Along with Auboeck and Wilimovsky, the Big Ten has some tough milers who could produce top-8 finishes including PJ Ransford, Matthew Hutchins and Marwan El Kamash. Ransford was the runner-up in 2015, Hutchins was 3rd last year, and Indiana’s El Kamash has been on fire all year. Ransford had a big drop from Big Tens to NCAAs two years ago, but went the opposite direction last year. His 7th ranked 14:38.7 this season suggests he has more in the tank. Hutchins, who was an underwhelming 14:56.7 at Big Tens, was actually even slower last year before he dropped a 14:33.09 at NCAAs. Look for him to make some noise from the second last heat. El Kamash is more suited to the 500 than the mile, but if he gets some momentum he could have a swim that could break into the top-8. His best stands at 14:48.34 from Winter Nats.

Number three seed Marcelo Acosta of Louisville is joined by NC State’s Anton Ipsen and Adam Linker as threats coming out of the ACC. Acosta unloaded a best of 14:33.68 to win the ACC Championships, followed closely by Ipsen in 14:35.89. Last year Ipsen was 14:35.3 for 5th, and will contend for a top position once again. As will Acosta, who has improved leaps and bounds since his freshman season in 2015 (he took last season off). Linker had a best of 14:45.43 at ACCs for 3rd, and will be in the fight for a top-8 finish.

Stanford freshman True Sweetser is another guy who could make some noise in this event. He dropped a 14:35.03 early in the season at the Texas Invite, and was less than a second off of that time to win Pac-12s earlier this month. He comes in seeded 5th, and certainly is capable of slugging it out with the big guns down the stretch.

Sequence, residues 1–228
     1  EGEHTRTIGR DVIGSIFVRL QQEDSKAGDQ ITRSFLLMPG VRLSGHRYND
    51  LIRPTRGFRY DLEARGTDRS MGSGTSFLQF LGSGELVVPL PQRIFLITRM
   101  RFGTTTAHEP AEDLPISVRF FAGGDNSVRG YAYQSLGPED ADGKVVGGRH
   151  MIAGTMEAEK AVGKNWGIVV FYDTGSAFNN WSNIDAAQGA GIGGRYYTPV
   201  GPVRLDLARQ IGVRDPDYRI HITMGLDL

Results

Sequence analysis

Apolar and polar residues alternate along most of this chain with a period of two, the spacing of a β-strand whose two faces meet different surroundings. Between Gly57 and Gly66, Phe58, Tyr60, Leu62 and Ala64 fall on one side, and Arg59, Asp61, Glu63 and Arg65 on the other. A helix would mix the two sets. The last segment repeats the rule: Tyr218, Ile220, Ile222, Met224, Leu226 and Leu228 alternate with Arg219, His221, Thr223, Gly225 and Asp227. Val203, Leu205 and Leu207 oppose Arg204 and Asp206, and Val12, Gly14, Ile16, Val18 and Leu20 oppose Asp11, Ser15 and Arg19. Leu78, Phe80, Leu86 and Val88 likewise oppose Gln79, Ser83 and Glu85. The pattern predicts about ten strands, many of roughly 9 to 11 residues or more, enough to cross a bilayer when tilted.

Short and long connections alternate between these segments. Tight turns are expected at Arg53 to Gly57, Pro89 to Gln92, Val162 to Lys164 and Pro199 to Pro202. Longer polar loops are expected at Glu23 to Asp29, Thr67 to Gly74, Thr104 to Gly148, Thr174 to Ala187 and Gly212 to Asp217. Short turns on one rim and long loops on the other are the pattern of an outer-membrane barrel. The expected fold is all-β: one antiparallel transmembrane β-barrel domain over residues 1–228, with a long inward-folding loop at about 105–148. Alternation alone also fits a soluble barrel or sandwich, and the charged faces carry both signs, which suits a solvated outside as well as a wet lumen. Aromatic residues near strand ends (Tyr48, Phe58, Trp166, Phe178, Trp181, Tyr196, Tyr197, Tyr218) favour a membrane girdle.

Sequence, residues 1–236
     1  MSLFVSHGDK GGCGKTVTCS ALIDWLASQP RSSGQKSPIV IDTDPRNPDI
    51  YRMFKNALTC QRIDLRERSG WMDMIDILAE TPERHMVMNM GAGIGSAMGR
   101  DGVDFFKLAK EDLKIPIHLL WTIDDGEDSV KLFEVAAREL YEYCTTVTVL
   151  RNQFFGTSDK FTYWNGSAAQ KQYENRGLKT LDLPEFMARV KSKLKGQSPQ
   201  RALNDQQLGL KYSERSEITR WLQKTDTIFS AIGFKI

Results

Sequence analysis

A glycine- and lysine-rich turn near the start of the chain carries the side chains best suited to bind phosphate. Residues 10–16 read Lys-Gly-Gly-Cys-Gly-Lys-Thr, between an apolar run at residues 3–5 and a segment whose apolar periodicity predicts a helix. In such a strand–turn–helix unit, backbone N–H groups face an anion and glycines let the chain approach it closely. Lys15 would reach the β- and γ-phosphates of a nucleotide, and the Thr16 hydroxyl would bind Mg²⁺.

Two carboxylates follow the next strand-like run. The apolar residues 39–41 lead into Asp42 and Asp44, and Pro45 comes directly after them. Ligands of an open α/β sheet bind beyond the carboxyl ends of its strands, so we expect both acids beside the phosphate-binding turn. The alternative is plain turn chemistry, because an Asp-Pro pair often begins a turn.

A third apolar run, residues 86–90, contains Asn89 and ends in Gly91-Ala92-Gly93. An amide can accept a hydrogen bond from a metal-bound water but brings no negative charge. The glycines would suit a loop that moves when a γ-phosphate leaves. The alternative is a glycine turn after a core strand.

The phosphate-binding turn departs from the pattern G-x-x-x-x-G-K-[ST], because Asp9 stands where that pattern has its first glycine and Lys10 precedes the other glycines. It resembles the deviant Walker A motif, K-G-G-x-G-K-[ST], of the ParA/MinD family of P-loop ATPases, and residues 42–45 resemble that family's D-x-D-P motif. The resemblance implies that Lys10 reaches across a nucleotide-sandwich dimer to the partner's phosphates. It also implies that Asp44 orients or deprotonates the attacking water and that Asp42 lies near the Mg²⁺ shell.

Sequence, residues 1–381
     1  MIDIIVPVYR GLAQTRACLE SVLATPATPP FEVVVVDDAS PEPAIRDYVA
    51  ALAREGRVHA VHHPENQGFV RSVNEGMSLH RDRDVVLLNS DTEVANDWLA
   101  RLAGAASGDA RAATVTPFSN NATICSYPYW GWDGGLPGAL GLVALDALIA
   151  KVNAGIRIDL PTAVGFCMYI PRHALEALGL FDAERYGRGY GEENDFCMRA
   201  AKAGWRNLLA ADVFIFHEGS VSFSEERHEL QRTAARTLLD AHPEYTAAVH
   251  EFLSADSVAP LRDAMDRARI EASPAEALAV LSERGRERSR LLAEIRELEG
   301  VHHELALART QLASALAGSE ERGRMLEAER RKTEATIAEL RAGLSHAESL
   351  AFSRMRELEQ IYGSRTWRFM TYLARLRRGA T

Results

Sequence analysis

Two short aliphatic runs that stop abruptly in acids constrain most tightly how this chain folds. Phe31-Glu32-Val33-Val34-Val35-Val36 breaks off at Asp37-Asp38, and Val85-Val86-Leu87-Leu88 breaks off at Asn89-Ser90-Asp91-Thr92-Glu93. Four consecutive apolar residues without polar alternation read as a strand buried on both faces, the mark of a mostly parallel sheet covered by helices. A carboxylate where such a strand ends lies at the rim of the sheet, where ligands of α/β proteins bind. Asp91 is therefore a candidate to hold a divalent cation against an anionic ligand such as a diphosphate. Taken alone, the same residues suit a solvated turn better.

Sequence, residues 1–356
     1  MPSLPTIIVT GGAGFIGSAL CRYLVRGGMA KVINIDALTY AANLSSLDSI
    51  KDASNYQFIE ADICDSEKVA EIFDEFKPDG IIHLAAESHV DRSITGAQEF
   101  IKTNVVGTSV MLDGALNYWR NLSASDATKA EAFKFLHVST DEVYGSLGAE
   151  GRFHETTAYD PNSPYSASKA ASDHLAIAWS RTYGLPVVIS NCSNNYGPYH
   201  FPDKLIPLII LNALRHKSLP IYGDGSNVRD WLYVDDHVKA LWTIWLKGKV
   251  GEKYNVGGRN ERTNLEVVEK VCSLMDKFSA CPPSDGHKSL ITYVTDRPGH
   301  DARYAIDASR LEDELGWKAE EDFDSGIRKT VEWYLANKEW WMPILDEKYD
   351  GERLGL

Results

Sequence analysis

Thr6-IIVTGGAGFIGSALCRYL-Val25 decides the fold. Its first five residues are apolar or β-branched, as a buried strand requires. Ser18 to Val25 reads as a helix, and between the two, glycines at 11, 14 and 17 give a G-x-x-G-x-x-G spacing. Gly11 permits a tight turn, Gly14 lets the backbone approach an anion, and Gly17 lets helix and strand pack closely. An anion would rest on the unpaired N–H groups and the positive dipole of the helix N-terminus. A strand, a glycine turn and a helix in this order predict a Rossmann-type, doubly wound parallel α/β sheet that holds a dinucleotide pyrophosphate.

And then there’s last years runner-up Akaram Mahmoud. After blowing the national title in such dramatic fashion last year, the junior will look to redeem himself this time around. He finds himself seeded 8th, giving him an outside lane in the fast heat. He was three seconds slower at SECs this year compared to last year, but he won comfortably and will definitely have more in the tank. If he’s on similar form to last year, he can contend for the win.

A few other guys from the SEC who could sneak into the top-8 are Florida’s Mitch D’Arrigo and Blake Manganiello. D’Arrigo has historically been a bigger player in the 500, placing 2nd in the event last year, but holds a best time under 14:40 and is seeded 10th. His teammate Manganiello swam his fastest 1650 ever by over eleven seconds to punch his ticket to the big meet at a Last Chance meet for Florida. It will be tough for him to recreate that type of swim, but after such a breakthrough perhaps he can ride the high and drop even more time.

An interesting case arises with Arizona junior Chris Wieser. Wieser dropped 25 seconds from SECs to NCAAs last year, placing 7th. He followed that with an incredible 4th place finish at the U.S. Olympic Trials in the 1500 free. However, he has appeared off this year in this event, holding a season best of 15:09 and going just 15:21 at Pac-12s a few weeks ago. He’s capable of something quick as his best sits at 14:44, but it would be a surprise. He’ll look to put up a time from heat 1 (he’s seeded 36th out of 37th) that will stand as long as possible.

As for predictions, we’re picking the top-8 finishers to all come from the fast heat, due to the fact the gap from 8th to 9th seed is close to seven seconds.